Synthesis of apolipoprotein B lipoparticles to deliver hydrophobic/amphiphilic materials.
ABSTRACT: To develop a drug delivery system (DDS), it is critical to address challenging tasks such as the delivery of hydrophobic and amphiphilic compounds, cell uptake, and the metabolic fate of the drug delivery carrier. Low-density lipoprotein (LDL) has been acknowledged as the human serum transporter of natively abundant lipoparticles such as cholesterol, triacylglycerides, and lipids. Apolipoprotein B (apo B) is the only protein contained in LDL, and possesses a binding moiety for the LDL receptor that can be internalized and degraded naturally by the cell. Therefore, synthetic/reconstituting apoB lipoparticle (rABL) could be an excellent delivery carrier for hydrophobic or amphiphilic materials. Here, we synthesized rABL in vitro, using full-length apoB through a five-step solvent exchange method, and addressed its potential as a DDS. Our rABL exhibited good biocompatibility when evaluated with cytotoxicity and cell metabolic response assays, and was stable during storage in phosphate-buffered saline at 4 °C for several months. Furthermore, hydrophobic superparamagnetic iron oxide nanoparticles (SPIONPs) and the anticancer drug M4N (tetra-O-methyl nordihydroguaiaretic acid), used as an imaging enhancer and lipophilic drug model, respectively, were incorporated into the rABL, leading to the formation of SPIONPs- and M4N- containing rABL (SPIO@rABL and M4N@rABL, respectively). Fourier transform infrared spectroscopy suggested that rABL has a similar composition to that of LDL, and successfully incorporated SPIONPs or M4N. SPIO@rABL presented significant hepatic contrast enhancement in T2-weighted magnetic resonance imaging in BALB/c mice, suggesting its potential application as a medical imaging contrast agent. M4N@rABL could reduce the viability of the cancer cell line A549. Interestingly, we developed solution-phase high-resolution transmission electron microscopy to observe both LDL and SPIO@rABL in the liquid state. In summary, our LDL-based DDS, rABL, has significant potential as a novel DDS for hydrophobic and amphiphilic materials, with good cell internalization properties and metabolicity.
Project description:Superparamagnetic iron oxide (SPIO) nanoparticles have been extensively employed for theranostic applications due to their good biocompatibility and excellent magnetic resonance imaging (MRI) properties. However, these particles typically require surface modification due to their hydrophobic surfaces caused by the oil-phase surfactants used in the fabrication and thus, the drug loading on their surface is usually limited. Here, we provided a novel and facile approach to conveniently perform surface modification of SPIO while simultaneously loading a large amount of drug. By synthesizing an amphiphilic irinotecan-based compound with a hydrophobic tail enabling insertion into the SPIO assembly, an excellent SPIO-based theranostic nanomedicine (SPIO@IR) was produced. SPIO@IR not only extensively improved the drug efficacy, but also allowed visualization by MRI in biological systems.
Project description:In this study, we have evaluated the interactions of zein microspheres with different class of drugs (hydrophobic, hydrophilic, and amphiphilic) using in vitro and in silico analysis. Zein microspheres loaded with aceclofenac, metformin, and promethazine has been developed by solvent evaporation technique and analyzed for its compatibility. The physical characterization depicted the proper encapsulation of hydrophobic drug in the microspheres. The in vitro release study revealed the sustaining ability of the microspheres in the following order: hydrophobic > hydrophilic > amphiphilic. In silico analysis also confirmed the better binding affinity and greater interactions of hydrophobic drug with zein. The above results revealed that zein is more suitable for hydrophobic drugs in the development of sustained drug delivery systems using solvent evaporation technique. The study therefore envisages a scope for identifying the most suitable polymer for a sustained drug delivery system in accordance with the nature of the drug.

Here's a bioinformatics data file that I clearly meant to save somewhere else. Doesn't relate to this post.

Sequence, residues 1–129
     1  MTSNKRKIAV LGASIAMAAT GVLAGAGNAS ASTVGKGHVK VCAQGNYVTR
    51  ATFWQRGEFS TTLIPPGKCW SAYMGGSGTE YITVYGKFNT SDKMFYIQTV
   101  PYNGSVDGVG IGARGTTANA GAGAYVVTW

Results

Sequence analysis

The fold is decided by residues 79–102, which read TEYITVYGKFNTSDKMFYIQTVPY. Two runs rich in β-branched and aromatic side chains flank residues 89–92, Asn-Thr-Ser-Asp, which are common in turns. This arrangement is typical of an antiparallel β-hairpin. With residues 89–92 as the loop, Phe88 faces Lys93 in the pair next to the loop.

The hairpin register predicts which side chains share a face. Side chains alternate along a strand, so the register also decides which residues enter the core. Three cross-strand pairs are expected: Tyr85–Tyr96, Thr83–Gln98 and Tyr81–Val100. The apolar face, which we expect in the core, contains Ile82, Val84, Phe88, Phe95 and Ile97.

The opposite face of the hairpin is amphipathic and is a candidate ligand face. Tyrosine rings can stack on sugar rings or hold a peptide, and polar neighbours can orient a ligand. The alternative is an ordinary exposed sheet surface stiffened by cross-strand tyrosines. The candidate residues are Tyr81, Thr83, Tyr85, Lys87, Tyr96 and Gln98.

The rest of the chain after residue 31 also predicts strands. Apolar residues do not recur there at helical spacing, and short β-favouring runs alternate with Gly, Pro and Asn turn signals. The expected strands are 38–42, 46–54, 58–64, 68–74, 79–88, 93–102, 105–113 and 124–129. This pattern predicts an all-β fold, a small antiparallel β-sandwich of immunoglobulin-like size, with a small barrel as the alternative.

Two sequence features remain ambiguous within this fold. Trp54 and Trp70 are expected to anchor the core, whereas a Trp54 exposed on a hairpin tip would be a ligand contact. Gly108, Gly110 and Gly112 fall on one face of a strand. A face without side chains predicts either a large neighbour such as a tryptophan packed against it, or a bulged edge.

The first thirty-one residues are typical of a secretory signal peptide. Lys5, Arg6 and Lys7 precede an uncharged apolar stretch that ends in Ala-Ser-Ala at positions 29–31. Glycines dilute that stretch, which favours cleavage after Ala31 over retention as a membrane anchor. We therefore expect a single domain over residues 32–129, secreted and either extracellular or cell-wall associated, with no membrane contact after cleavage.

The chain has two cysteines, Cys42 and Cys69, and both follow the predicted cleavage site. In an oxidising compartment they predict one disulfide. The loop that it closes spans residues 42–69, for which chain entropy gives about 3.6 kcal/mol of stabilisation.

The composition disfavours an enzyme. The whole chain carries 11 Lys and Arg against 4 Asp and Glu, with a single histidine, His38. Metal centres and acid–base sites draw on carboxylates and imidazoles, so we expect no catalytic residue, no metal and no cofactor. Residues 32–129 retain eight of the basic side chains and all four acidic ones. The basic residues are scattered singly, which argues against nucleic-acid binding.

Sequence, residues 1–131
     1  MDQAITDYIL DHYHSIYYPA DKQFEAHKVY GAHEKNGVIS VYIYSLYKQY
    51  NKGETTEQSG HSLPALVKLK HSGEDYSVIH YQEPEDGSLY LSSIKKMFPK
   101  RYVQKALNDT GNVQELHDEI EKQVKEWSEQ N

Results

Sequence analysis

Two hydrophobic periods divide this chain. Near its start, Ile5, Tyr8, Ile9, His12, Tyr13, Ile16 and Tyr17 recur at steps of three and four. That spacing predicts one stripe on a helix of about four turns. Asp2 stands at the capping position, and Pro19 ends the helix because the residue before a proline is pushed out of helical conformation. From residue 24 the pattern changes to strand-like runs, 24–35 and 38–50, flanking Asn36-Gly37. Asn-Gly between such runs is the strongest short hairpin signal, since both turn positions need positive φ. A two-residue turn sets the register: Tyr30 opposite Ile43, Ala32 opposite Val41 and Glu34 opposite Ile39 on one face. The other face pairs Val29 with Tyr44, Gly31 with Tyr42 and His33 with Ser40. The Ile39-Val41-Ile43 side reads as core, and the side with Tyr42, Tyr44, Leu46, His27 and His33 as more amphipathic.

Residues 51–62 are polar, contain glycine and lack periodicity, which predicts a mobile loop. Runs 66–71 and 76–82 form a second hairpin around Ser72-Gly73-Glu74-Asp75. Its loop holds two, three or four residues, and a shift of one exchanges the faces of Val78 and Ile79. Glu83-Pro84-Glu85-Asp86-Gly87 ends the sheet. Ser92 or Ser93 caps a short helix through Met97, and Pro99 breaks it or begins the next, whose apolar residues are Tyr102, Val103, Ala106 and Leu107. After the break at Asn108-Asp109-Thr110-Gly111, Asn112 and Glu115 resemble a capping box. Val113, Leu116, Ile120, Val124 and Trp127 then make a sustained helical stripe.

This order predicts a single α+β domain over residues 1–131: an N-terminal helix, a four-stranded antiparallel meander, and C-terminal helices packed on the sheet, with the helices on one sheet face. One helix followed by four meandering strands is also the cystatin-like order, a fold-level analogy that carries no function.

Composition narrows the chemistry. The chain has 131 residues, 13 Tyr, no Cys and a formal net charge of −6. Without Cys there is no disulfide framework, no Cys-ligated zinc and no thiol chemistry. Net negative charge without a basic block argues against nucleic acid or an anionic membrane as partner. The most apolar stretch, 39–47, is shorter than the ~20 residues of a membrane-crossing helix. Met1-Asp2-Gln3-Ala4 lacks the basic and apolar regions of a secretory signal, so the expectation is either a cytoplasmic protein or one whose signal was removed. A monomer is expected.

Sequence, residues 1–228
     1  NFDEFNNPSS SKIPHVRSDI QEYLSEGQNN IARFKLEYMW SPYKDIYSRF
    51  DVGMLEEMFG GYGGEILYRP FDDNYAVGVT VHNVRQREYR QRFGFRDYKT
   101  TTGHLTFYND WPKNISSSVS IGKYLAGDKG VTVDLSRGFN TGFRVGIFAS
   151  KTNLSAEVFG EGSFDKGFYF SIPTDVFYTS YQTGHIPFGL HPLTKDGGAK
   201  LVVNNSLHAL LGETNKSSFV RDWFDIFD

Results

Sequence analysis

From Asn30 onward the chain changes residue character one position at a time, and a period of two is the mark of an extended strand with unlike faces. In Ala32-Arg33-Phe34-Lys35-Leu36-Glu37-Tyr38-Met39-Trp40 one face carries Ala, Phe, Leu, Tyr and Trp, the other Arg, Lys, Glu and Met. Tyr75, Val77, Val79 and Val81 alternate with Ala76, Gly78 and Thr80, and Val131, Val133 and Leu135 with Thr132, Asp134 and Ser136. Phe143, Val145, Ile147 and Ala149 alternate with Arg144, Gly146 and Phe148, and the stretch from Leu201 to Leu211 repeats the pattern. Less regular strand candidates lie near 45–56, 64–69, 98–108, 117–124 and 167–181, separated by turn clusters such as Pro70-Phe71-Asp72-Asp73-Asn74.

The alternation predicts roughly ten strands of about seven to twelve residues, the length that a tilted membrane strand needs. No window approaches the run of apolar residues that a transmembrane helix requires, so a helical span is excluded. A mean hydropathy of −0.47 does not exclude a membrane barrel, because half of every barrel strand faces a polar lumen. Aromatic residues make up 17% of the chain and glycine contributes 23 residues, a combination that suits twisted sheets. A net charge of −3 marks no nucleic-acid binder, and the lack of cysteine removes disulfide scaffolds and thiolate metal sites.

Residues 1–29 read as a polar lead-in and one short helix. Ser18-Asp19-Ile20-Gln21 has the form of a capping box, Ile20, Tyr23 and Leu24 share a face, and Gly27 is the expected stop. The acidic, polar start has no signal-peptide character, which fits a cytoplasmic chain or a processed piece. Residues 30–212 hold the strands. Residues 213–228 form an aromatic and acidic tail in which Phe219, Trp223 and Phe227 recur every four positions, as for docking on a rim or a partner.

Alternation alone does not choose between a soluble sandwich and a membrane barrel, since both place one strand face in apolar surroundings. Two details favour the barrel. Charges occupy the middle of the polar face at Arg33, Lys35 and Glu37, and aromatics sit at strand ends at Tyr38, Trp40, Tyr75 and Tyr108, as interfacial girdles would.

Project description:BACKGROUND:During the past few decades, drug delivery system (DDS) has attracted many interests because it could enhance the therapeutic effects of drugs and reduce their side effects. The advent of nanotechnology has promoted the development of nanosized DDSs, which could promote drug cellular uptake as well as prolong the half-life in blood circulation. Novel polymer micelles formed by self-assembly of amphiphilic polymers in aqueous solution have emerged as meaningful nanosystems for controlled drug release due to the reversible destabilization of hydrophobic domains under different conditions. RESULTS:The amphiphilic polymers presented here were composed of cholesterol groups end capped and poly (poly (ethylene glycol) methyl ether methacrylate) (poly (OEGMA)) as tailed segments by the synthesis of cholesterol-based initiator, followed by atom transfer radical polymerization (ATRP) with OEGMA monomer. FT-IR and NMR confirmed the successfully synthesis of products including initiator and polymers as well as the Mw of the polymers were from 33,233 to 89,088 g/mol and their corresponding PDI were from 1.25 to 1.55 by GPC. The average diameter of assembled polymer micelles was in hundreds nanometers demonstrated by DLS, AFM and SEM. The behavior of the amphiphilic polymers as micelles was investigated using pyrene probing to explore their critical micelle concentration (CMC) ranging from 2.53?×?10-4 to 4.33?×?10-4 mg/ml, decided by the balance between cholesterol and poly (OEGMA). Besides, the CMC of amphiphilic polymers, the quercetin (QC) feeding ratio and polarity of solvents determined the QC loading ratio maximized reaching 29.2% certified by UV spectrum, together with the corresponding size and stability changes by DLS and Zeta potential, and thermodynamic changes by TGA and DSC. More significantly, cholesterol end-capped polymer micelles were used as nanosized systems for controlled drug release, not only alleviated the cytotoxicity of QC from 8.6 to 49.9% live cells and also achieved the QC release in control under different conditions, such as the presence of cyclodextrin (CD) and change of pH in aqueous solution. CONCLUSIONS:The results observed in this study offered a strong foundation for the design of favorable polymer micelles as nanosized systems for controlled drug release, and the molecular weight adjustable amphiphilic polymer micelles held potential for use as controlled drug release system in practical application.